How Prof. Jivka Ovtcharova and her research team are taking driving simulation to the next level in a technology transfer project together with Chinese partners.
"Practice makes perfect," as the saying goes. This applies, for example, to the driving practice of novice drivers. Traffic in large cities with potential traffic chaos, especially during rush hour, can put many a learner driver under a great deal of stress and lead to driving errors. "Dry runs" in a driving simulator can help to gain the first driving experince without pressure. Chinese driving schools are ahead of the curve here: to obtain a driving license, virtual driving lessons in a simulator are mandatory in addition to practical driving lessons. This is a viable solution to simultaneaously meet the increasing demand for driving. By using a simulator, learner drivers can approach and practice traffic situations and hand movements. However, a virtual driving lesson will only have the desired learning effect if learner drivers complete the simulation under the most realistic conditions possible.
The DriveSim (Driving Simulator) technology transfer project headed by Prof. Jivka Ovtcharova at the KIT Institute for Information Management in Engineering (IMI) started on this premise. Together with their research team, Chinese partners TuoBaBa Technology (TBB) and Jiangyin Sino-German Technology Transfer Center, they built an intelligent, sophisticated driving simulator for use in driving schools. "I have been working with virtual reality since the 1990s, but only now has the time come for the technology to be used in industrial applications," believes Prof. Ovtcharova, who holds a doctorate in mechanical engineering and computer science. The developed driving simulator is a good example of application-oriented research and the direct use of research results.
"Driving simulators available on the market are usually more like computer games," says project coordinator Polina Häfner, "and they are also not well prepared for use in driving lessons from a didactic point of view." The scientists are implementing their vision of a high-quality solution within DriveSim: A human-machine interface that enhances the perception of reality with interactive, virtual content. The result is a realistic driving experience with the tools of a real motor vehicle. "When driving in the simulator, an algorithm builds up the adjacent environment in real time as an image of the real world, based on real data from geographic information systems (GIS)," explains Häfner. Projections around the vehicle provide a view of the three-dimensional virtual world. A control unit in the vehicle connects the non-motorized vehicle with Drive-Sim, whereby every interaction of the driver with the vehicle is mirrored into the virtual world on the one hand and can be felt through force feedback on the other. A training app completes the DriveSim learning environment, allowing driving instructors and students to generate changing driving environments and configure individual traffic exercises.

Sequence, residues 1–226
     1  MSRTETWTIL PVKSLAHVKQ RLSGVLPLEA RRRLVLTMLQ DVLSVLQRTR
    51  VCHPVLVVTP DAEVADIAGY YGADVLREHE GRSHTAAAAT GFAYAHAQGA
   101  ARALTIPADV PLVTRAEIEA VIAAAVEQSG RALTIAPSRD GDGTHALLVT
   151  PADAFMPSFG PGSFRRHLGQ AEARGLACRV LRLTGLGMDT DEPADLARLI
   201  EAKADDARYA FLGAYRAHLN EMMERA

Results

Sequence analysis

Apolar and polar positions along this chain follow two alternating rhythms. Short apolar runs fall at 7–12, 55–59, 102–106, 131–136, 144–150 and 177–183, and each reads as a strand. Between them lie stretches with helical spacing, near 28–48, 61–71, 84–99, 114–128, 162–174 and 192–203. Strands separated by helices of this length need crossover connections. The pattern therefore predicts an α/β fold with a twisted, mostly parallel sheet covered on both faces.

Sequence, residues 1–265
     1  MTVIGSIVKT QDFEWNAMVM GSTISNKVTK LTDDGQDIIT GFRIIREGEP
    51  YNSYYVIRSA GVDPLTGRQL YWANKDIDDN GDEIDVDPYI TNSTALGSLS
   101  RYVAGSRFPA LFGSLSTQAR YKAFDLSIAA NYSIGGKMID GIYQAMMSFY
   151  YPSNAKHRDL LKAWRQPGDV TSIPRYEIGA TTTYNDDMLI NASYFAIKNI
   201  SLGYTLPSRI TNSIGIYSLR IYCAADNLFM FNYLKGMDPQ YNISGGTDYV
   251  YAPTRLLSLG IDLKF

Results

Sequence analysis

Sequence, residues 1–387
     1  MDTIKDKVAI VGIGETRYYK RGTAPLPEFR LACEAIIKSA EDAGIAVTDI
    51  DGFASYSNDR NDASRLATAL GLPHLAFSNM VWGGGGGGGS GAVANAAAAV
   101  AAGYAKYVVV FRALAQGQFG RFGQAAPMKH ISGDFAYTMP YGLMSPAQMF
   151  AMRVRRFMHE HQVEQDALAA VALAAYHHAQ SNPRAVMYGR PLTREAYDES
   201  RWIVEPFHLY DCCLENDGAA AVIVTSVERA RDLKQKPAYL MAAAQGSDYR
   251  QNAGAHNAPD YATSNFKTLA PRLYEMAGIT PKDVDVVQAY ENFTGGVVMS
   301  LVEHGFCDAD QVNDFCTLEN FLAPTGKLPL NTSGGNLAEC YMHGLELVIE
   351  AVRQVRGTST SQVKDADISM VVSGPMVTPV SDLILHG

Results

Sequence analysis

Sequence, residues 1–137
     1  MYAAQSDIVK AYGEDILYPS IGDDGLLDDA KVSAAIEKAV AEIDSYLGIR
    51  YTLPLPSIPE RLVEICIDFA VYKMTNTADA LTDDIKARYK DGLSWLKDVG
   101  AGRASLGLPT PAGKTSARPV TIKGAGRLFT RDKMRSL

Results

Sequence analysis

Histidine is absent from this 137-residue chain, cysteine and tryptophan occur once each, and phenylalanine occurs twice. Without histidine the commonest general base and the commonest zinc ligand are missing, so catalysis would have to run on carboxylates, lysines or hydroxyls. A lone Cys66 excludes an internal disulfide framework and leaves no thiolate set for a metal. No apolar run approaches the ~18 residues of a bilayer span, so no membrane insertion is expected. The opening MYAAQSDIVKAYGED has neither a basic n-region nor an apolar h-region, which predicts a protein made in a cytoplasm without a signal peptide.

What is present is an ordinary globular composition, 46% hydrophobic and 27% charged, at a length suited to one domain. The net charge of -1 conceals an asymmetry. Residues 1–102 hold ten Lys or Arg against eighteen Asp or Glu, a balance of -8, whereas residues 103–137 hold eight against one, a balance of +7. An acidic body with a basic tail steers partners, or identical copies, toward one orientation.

"The integration of professional information management and high-end visualizations offers opportunities beyond the field of driving simulation," emphasizes Prof. Ovtcharova. The research groups at IMI therefore aim to use virtual reality to enable an innovative working environment and competitive advantages for industrial companies, especially in the broad field of product and process development. "We value close collaboration with industrial companies that ensure immediate practical relevance. This gives us important impetus for new research fields and problems. I am convinced that innovation comes from within. The students who develop creative and practically relevant ideas during our internships constantly prove this to me. Even with a small budget, you can achieve a lot; personal motivation is crucial."